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May. 25, 2022 | Wednesday
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Terry Flynn representing Liberals in Niagara Centre
Terry Flynn has worked for Niagara EMS for decades and knows first hand the struggles frontline workers have gone through during the pandemic, he said.

For 21 years, Terry Flynn was a household name around Niagara-on-the-Lake. 

He’s been a councillor and deputy lord mayor and now Flynn, 58, has set his sights on Queen's Park.

Flynn made up his mind to run in the provincial election after he received not one, but two calls from the Ontario Liberal Party asking him to consider representing the party.

“When they come knocking on your door twice in six months, maybe you want to heed that advice,” Flynn said in an interview on Tuesday.

It may appear unorthodox to NOTLers that Flynn is not running for the Niagara Falls electoral district, which includes NOTL, but Flynn says he was originally asked to run there by the Liberals last year.

“However, the timing was just horrible at Christmas to go through a candidate nomination process,” he said.

A longstanding commitment to the NOTL community actually had a part to play in Flynn’s rejection of the Niagara Falls ballot.

“I still do the Christmas tree sale in Virgil every year for the Lions Club,” he said.

“I know it sounds dumb, but that’s a committment I’ve made for 25 years. I take three weeks off work every year. I sell Christmas trees.”

Flynn said he is a strong supporter of Ashley Waters, the Liberal candidate for Niagara Falls riding.

“She’s energetic. She does her homework. Let her have it,” he said.

When initially asked, Flynn was also in the middle of hiring 40 new paramedics for Niagara Emergency Medical Services. 

“It was the largest intake we’ve taken — ever.”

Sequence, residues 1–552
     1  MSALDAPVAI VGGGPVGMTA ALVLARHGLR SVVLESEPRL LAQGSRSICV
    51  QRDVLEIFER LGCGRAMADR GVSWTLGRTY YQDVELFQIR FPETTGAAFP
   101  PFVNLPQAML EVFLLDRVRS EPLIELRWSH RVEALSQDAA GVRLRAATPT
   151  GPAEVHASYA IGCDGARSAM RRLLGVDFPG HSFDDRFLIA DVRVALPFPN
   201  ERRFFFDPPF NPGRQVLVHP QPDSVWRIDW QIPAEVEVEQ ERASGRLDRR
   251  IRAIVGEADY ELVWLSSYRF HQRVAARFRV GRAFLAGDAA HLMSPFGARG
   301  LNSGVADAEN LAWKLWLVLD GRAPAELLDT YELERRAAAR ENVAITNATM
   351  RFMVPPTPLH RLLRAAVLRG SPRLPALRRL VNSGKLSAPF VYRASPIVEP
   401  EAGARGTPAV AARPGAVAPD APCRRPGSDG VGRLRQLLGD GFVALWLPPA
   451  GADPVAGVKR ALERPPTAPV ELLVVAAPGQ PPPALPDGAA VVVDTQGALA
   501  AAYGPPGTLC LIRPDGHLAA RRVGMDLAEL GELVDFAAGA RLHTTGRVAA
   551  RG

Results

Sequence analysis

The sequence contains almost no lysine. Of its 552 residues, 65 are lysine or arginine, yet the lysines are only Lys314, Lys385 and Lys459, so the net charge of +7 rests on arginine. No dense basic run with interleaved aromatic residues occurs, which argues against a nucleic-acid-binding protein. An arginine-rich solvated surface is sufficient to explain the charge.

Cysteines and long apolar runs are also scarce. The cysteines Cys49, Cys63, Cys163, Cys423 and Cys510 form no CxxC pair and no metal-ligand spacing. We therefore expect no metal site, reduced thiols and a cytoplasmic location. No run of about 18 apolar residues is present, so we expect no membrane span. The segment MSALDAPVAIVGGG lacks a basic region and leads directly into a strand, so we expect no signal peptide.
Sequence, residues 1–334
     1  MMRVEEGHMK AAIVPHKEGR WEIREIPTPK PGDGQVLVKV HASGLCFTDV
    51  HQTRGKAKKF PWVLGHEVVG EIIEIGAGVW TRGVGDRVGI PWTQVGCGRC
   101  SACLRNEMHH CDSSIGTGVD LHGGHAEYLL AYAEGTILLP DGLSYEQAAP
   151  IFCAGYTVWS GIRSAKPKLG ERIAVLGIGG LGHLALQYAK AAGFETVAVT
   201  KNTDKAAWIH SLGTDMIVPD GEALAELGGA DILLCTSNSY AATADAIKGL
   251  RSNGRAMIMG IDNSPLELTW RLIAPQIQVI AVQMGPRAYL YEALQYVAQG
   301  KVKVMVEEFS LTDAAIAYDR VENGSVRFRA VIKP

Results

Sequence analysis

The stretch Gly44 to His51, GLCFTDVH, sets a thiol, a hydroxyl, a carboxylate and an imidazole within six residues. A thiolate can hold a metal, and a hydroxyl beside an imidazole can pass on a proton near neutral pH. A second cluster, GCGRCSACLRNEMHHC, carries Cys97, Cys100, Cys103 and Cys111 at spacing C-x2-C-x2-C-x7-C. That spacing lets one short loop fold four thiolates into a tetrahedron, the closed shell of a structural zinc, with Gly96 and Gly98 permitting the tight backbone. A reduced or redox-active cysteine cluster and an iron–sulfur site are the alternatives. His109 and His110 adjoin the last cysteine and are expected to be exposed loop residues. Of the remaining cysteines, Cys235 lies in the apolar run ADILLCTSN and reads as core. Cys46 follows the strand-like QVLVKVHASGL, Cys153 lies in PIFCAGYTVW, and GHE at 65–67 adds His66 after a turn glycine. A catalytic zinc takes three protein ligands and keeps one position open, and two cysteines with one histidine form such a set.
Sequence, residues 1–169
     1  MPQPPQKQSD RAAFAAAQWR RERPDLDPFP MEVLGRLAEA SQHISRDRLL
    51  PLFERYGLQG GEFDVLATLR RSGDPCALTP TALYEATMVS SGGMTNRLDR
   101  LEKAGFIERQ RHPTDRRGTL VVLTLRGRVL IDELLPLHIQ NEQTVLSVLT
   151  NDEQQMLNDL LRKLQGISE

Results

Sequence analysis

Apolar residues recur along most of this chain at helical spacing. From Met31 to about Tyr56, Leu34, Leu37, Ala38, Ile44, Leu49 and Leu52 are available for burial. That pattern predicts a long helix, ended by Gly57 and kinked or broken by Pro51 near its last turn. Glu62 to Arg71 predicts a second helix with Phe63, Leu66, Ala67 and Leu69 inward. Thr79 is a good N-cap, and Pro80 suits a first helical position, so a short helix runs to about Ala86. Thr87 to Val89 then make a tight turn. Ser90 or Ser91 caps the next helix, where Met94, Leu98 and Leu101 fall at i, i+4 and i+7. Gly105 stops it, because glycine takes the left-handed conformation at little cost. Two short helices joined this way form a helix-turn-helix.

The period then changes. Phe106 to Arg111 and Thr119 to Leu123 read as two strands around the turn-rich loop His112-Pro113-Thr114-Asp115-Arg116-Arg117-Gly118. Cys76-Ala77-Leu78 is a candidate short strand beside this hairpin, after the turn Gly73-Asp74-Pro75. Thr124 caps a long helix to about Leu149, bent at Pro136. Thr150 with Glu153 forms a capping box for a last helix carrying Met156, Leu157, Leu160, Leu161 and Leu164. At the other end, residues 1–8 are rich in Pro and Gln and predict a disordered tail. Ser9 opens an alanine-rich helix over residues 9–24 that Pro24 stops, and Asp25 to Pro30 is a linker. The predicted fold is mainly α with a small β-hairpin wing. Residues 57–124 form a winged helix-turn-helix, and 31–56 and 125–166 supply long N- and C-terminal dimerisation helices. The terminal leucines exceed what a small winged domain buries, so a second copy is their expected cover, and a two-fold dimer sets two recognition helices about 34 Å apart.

As a longtime small town councillor and employee of Niagara Emergency Medical Services, Flynn said he is in a position to truly fight for his constituents instead of playing politics.

“I will be there to have their backs, that’s my approach,” he said.

Flynn had no issues with criticizing the so-called Freedom Convoys and the damage they have done to the symbolism of the Canadian flag.

“I believe strongly that the flag’s got a bad rap now,” he said.

“If I had my way, I would give a flag to every resident in the Niagara Centre riding by July 1, so that we could bring the true meaning of the Canadian flag back.”

“If I could get $100,000 tomorrow I would drop off a Canadian flag at everybody’s house and if you need help putting it on your front post, I’ll do it.”

Flynn is critical of Premier Doug Ford's willingness to sacrifice human lives to COVID-19 in order to further his political ambitions.

“Doug Ford deciding it was more important for the election and to let his guard down slightly with COVID … it’s not gone away and people are hurting,” he said.

Flynn added he understands the desire to be rid of the restrictions.

“When I was able to go into a restaurant and take my mask off, it felt amazing. But it’s all a little too early and I’m seeing the numbers rise,” he said.

Flynn knows this first-hand as he is the superintendent of operations at Niagara EMS.

“Our call volume is going through the roof. Our medics are stressed. The nurses are stressed. Front-line workers are all stressed,” he said.

He promised to work tirelessly to revamp the health care system and introduce better practices to support front-line workers.

One of the main stressors on health care is coming from the long-term care sector, he said.

“One thing I’ve always said is we built all the classrooms and the desks for the baby boomers. Now we need to turn the desks into beds,” he said.

The lack of out-of-hospital and home care resulted in hospitals being swamped with patients throughout the pandemic, he said.

“You can only take so much abuse and you can only work short-staffed for so long before you burn out the other staff.” 

Ontario needs a better ratio of health care workers to patients and that people must always have access to an in-person nurse or physician to help them navigate the system, he said.

Flynn lives in Niagara Centre riding but plans to move back to St. Davids in the future.

“When I’m elected, I’m elected to represent everybody,” he said.

“I’m not going to forget about Niagara-on-the-Lake, no way. I’m not going to forget about Niagara Falls. When I’m elected I want to be a voice for everybody.”

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